Over the last few days I’ve come across several references to Dan Pink and his book Drive: The Surprising Truth About What Motivates Us. In this book he proposes that for the challenges we face today, there is more and more need for people to find intrinsic value in their work and the secret to high performance and satisfaction is not rewards, but “the deeply human need to direct our own lives, to learn and create new things, and to do better by ourselves and our world”.
In this TED talk, Dan talks about the power of incentives, extrinsic and intrinsic motivators and the research findings that particularly for tasks involving cognitive function, rewards narrow our focus, restrict our possibility and lower performance.
In his article “Why Corporate Training is Broken and How to Fix It“, Jay Cross proposes that wise managers take control by giving control. He talks about how corporate training has changed from the Industrial Age where workers were “cogs in the machine” through the Social and Information eras to the Network Era of today where workers are much more customer-focused, are rewarded for innovation and where collaboration is replacing command and control. He also suggests that traditional training is not keeping pace with reality in that modern day workers are making more of their own decisions and want to learn but they don’t want to be trained.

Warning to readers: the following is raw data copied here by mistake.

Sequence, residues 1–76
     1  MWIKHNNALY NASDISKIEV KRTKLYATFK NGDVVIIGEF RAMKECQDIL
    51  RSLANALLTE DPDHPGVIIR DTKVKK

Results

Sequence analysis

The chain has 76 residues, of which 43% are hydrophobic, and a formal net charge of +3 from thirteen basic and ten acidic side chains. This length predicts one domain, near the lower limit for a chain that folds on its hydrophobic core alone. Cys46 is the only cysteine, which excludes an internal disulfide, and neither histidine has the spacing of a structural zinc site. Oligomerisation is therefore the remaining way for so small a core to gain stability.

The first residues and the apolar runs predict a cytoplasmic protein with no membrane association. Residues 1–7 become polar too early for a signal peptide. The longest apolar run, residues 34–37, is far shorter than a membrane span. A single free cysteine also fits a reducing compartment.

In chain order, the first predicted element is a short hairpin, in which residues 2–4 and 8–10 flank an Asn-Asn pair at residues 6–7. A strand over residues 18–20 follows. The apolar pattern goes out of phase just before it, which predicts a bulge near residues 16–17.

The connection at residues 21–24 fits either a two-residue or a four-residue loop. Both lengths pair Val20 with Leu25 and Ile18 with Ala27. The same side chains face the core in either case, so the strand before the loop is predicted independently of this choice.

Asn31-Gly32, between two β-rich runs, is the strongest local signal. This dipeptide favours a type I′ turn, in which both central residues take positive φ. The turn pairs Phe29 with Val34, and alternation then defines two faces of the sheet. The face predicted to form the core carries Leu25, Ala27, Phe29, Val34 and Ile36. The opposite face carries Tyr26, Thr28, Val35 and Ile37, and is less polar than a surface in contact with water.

Knowledge workers, according to Dan Pink, are motivated by three things:
Autonomy – our desire to be self-directed
Mastery – our urge to get better at stuff
Purpose – the feeling and intention that we can make a difference in the world
In order for knowledge workers to be self-directed, managers need to “inspire workers, set expectations, and get out of the way”. In this podcast Dan Pink also suggests that managers can increase the intrinsic motivation of their people not by developing elaborate incentive schemes, but by helping people recognise their progress, shine a light on that progress, recognise it in front of other people, celebrate that progress and help them stay on a path toward making progress.
As depicted in this RSA animate adapted from a Dan Pink talk, management is great if you want compliance, but if you want engagement, self-direction is better.